Leonhardt’s argument on appeal is premised on a misunderstanding of the difference between a finding that
9 LEONHARDT v. DVA

an injury is “service-connected” and a determination that a veteran is entitled to VA disability benefits. The term “service-connected” means that a disease or injury was incurred in the line of duty. See 38 U.S.C. § 101(16) (stating that a service-connected disability is one which is “incurred or aggravated . . . in line of duty in the active military, naval, or air service”); Shedden, 381 F.3d at 1166 (explaining that the terms “service-connected” and “incurred in the line of duty” have the same meaning). Thus, when section 1154(b) states that a combat veteran can use lay evidence to establish “service-connection,” it means that he can use such evidence to prove that he suffered an injury “in the line of duty” while in active military service.3

3 A veteran can, under certain circumstances, use lay evidence to establish the requisite nexus between an in-service injury and a post-service disability. See Davidson, 581 F.3d at 1316 (rejecting the view “that a valid medical opinion was required to prove nexus” (citations and internal quotation marks omitted)); Buchanan v. Nicholson, 451 F.3d 1331, 1337 (Fed. Cir. 2006) (“[T]he Board cannot determine that lay evidence lacks credibility merely because it is unaccompanied by contemporaneous medical evidence.”). Here, the Veterans Court determined that the RO considered all of the relevant evidence, including statements from Leonhardt and his mother indicating that he had injured his back in service. See Veterans Court Decision, 2010 U.S. App. Vet. Claims LEXIS 2426, at *5 (emphasizing that the RO’s 1961 rating decision both summarized the letter from Leon-hardt’s mother and noted that Leonhardt had told a VA medical examiner in 1960 that he had injured his back while in service). The Veterans Court concluded, however, that there was no CUE in the RO’s decision denying disability benefits because the record, in 1961, contained insufficient evidence to establish the requisite nexus between Leonhardt’s in-service back injury and his sub-sequent back disability. Whether there was sufficient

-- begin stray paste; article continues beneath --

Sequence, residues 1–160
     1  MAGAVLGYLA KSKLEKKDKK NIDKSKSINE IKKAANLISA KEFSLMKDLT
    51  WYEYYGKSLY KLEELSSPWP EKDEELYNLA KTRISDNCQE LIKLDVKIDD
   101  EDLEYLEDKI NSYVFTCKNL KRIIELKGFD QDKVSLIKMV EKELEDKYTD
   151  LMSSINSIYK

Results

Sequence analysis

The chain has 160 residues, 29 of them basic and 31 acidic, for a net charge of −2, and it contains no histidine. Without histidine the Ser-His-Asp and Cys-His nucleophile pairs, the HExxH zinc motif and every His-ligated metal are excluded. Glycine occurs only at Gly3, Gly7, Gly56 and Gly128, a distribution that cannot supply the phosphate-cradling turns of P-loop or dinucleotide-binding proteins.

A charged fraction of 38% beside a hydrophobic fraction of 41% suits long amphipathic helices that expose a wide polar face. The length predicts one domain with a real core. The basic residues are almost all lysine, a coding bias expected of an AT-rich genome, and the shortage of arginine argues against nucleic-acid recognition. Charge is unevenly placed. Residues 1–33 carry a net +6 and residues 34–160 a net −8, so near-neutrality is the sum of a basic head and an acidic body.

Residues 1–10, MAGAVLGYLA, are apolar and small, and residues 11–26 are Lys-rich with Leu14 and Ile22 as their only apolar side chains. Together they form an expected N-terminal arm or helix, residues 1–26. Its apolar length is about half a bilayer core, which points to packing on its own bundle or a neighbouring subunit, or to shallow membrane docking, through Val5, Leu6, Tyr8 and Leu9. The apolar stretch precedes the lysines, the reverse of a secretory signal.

LEONHARDT v. DVA
10
Section 1154(b) does not, however, speak to the separate issue of whether a veteran is entitled to VA disability benefits for an in-service injury or disease. “[T]he mere fact that a serviceman has suffered a service-connected disease or injury does not automatically lead to compen-sation for future disabilities.” Shedden, 381 F.3d at 1166. As discussed previously, service-connected benefits are only available if a veteran establishes a causal connection between an in-service injury or disease and a current medical disability. Because section 1154(b) does not provide the requisite nexus between Leonhardt’s in-service back injury and his subsequently-diagnosed back disorder, the Veterans Court correctly rejected his claim alleging CUE in the RO’s 1961 rating determination.
COSTS
No costs.
AFFIRMED
medical or lay evidence in the record, as of 1961, to establish nexus is a factual determination that this court lacks jurisdiction to review. See 38 U.S.C. § 7292(d)(2); Jan-dreau v. Nicholson, 492 F.3d 1372, 1377 (Fed. Cir. 2007).